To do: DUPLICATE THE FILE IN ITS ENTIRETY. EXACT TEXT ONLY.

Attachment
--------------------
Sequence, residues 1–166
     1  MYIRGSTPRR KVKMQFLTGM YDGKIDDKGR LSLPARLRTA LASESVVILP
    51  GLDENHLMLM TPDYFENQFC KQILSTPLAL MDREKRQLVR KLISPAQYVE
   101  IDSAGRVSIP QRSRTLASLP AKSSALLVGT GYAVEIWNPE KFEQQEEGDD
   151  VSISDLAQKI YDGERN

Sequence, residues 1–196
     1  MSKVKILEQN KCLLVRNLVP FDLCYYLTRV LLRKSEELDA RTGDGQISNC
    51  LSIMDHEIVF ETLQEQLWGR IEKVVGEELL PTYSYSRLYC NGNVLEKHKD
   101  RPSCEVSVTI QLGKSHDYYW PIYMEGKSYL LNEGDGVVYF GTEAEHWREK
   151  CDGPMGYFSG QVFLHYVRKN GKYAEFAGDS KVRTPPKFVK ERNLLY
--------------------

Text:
Sequence, residues 1–166
     1  MYIRGSTPRR KVKMQFLTGM YDGKIDDKGR LSLPARLRTA LASESVVILP
    51  GLDENHLMLM TPDYFENQFC KQILSTPLAL MDREKRQLVR KLISPAQYVE
   101  IDSAGRVSIP QRSRTLASLP AKSSALLVGT GYAVEIWNPE KFEQQEEGDD
   151  VSISDLAQKI YDGERN

Sequence, residues 1–196
     1  MSKVKILEQN KCLLVRNLVP FDLCYYLTRV LLRKSEELDA RTGDGQISNC
    51  LSIMDHEIVF ETLQEQLWGR IEKVVGEELL PTYSYSRLYC NGNVLEKHKD
   101  RPSCEVSVTI QLGKSHDYYW PIYMEGKSYL LNEGDGVVYF GTEAEHWREK
   151  CDGPMGYFSG QVFLHYVRKN GKYAEFAGDS KVRTPPKFVK ERNLLY